The stories that became most important to me are not the ones I wrote. The Lord of the Rings, the Chronicles of Narnia, and any other book that offered a keyhole through which we can glimpse the other side— these are the books that really mattered.
And more than any others, the stories in the Bible. Now this is a very strange thing for me to say, because I did not grow up in a religious home. We did not read the Bible, or talk about it, or go to church, or any of that. I’m grateful for my childhood. We enjoyed some real intellectual freedom, and when I finally encountered the Bible as a young adult, I experienced the awful and awesome power of those stories unfiltered by the shallow and haphazard way in which they are sometimes introduced to young people.
It happened like this: I was working as a driver for a pizza place and I stopped on a delivery at a local book store to buy a Bible. This was all very strange behavior, because I had been calling myself an atheist for years. Retrospectively, I was much too hurt and angry to be an atheist, it being somewhat irrational to feel that Nothing & Chance is being unfair. Only a something with volition, a Personality, can be unfair. But I was pretty low– broken-hearted from failed relationships, drifting from job to job, stoned most of the time, sometimes suicidal.
The question I kept asking myself was this: What’s the point? Does anything matter?
And if you honestly ask and answer questions like those, hold onto your butt, because some really strange things can rise up.
I didn’t know why I bought that Bible. I still don’t, not really. I was thinking something like this: I need to put my money where my mouth is. I’ve been saying this is all bullshit, but I’ve never actually read it for myself. I’ve only read what other people say about it.
So I bought one. I took it home and read it. I chain smoked at the gas station where I worked 3rd shift exchanging condoms for cash through one of those bullet-proof slider things, and I read the Bible.
What a surprise that thing was. Shocking, really. It was interesting, for starters. I certainly wasn’t expecting that. Some sections read like a fast-paced novel. War, chaos monsters, witches, ghosts, romance, fellowship, heroes, miracles, god-battles, and all kinds of really bizarre stuff. Horrible, cringe-worthy stuff. Sublime, mind-expanding stuff.
Even stranger was that I believed it. I didn’t like it, not all of it (and still don’t), but I believed it. It had the ring of truth. It is an R-rated depiction of an R-rated world. And it seemed like, if there was a God, if what was behind all this was something closer to a Personality than it was to Nothing & Chance, then these Stories were really on to something. He must be very much like this Person the various authors of the Bible kept getting at.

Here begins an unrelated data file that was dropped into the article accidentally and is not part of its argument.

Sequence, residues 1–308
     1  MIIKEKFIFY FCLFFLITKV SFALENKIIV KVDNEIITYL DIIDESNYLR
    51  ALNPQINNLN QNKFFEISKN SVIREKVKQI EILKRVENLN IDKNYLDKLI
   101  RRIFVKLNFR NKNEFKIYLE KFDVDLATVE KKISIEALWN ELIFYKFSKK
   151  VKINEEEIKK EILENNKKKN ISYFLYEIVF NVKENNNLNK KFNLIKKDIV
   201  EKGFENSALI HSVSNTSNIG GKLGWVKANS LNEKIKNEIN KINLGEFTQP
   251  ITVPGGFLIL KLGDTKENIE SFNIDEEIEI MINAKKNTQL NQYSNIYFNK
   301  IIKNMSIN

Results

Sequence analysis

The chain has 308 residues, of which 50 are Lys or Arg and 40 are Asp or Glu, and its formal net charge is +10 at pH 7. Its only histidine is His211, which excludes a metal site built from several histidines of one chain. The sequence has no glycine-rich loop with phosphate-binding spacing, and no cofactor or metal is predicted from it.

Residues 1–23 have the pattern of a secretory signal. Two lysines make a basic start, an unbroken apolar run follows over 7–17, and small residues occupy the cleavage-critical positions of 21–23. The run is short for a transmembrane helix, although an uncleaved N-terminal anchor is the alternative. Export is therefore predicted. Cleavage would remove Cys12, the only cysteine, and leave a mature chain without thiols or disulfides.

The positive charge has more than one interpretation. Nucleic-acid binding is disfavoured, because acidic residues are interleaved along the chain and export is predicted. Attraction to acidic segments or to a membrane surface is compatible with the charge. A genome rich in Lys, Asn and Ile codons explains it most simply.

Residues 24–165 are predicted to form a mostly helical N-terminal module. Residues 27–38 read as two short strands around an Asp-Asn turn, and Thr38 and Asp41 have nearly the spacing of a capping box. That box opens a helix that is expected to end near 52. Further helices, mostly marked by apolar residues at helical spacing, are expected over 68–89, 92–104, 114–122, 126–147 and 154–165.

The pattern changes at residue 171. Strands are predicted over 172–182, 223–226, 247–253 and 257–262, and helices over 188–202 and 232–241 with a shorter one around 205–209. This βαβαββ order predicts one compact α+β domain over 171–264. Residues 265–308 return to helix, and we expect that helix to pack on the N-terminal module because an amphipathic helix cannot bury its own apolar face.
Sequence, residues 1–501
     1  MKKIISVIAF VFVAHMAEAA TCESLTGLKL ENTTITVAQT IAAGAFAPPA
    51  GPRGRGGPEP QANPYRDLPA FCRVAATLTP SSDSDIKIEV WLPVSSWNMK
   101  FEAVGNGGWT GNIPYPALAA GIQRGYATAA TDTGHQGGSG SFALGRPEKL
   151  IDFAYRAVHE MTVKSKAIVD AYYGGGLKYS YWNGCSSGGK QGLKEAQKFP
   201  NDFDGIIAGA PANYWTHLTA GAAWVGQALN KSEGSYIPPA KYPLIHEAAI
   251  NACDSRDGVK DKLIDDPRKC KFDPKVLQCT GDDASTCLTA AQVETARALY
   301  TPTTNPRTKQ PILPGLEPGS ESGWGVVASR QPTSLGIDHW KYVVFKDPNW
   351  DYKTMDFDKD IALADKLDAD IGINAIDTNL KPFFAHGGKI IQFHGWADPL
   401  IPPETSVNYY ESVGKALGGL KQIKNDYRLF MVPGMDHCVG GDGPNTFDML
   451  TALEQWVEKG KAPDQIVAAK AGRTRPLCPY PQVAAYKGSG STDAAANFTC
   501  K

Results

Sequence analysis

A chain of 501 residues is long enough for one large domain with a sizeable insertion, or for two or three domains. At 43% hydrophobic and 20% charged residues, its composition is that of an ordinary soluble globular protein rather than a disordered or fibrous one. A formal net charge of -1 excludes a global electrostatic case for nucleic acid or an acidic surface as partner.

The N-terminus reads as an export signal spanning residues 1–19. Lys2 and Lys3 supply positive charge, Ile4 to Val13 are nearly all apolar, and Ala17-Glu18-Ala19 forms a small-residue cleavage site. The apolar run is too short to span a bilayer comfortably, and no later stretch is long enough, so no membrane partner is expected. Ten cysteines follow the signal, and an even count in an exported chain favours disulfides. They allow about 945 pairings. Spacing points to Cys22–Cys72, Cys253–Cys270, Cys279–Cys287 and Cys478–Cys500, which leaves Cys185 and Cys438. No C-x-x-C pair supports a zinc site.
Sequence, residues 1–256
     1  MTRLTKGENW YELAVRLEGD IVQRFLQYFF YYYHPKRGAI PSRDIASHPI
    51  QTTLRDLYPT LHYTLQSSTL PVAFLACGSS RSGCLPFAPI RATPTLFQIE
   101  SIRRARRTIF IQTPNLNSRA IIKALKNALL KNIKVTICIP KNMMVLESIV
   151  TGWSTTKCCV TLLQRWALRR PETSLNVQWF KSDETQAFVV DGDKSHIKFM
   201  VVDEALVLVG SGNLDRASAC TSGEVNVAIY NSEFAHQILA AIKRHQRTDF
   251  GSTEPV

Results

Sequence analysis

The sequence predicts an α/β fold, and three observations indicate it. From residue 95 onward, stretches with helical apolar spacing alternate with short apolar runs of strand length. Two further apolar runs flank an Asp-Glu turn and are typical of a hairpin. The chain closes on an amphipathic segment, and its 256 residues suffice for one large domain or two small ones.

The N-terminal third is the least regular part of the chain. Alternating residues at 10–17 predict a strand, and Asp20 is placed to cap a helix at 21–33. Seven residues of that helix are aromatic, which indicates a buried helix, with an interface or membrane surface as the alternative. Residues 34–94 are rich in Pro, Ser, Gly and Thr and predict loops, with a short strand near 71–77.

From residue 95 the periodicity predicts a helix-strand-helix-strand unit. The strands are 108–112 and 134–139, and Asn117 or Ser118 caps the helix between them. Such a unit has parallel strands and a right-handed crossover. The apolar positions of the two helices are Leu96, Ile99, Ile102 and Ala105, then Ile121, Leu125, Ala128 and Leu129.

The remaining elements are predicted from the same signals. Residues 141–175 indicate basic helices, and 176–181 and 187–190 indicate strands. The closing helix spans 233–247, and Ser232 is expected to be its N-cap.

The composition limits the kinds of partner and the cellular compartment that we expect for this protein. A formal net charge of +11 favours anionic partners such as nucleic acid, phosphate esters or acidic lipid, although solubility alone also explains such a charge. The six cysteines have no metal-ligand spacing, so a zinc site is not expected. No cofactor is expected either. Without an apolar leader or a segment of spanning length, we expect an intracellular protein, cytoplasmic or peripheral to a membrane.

Especially when I reached the New Testament and read about Jesus. One of a kind, him. The things he said and did were so countercultural and otherworldly… I became convinced there must be some kind of supernatural power at work in the world, at least in the creation of these documents. Jesus is stranger than fiction.
That was the beginning of my first great awakening, my first death and rebirth. When I was baptized— a profound dramatization of the death and birth of a personality paradigm, among other things— the stoner who once branded his arm with a white-hot coat hanger because self-mutilation was the only way he knew to structure his grief, was in a very real sense, as the years since have born out, gone. Or going, at least. Or changing? Looking back, I feel a lot of love for that angry dude. And a lot of gratitude for the people who, as Fred Rodgers put it, “loved me into being.”
But enough about that, because there isn’t much magic in me telling you secondhand. If you’re interested, maybe it’s time for you to put your money where your mouth is.
The second great awakening came when I married Lindsay, the phone girl from the pizza place, and stopped being merely a person and became a participant in this weird two-person thing. Marriage is every bit as strange as faith. And as terrifying. And as delightful. And fun. I’m not at all surprised the Bible says marriage is a metaphor for our relationship with the transcendent.
The third came when my son was born. He was our fifth child, because we lost our first four to miscarriage. That’s it’s own story, and a tragic one– with maybe a miracle, too– but I’m not in the mood to tell it now. Maybe I’ll write about that later. The scars from that grief, and the mental shift that accompanied becoming a father of all three of my boys, has been as profound and wonderful a change to me as the others. Nothing has taught me the nature and quality of unconditional love, the cost and rewards of it, quite like fatherhood.
I sure wish I could get to know you this well! Maybe you’ll stay in touch? Join my mailing list below, or follow me.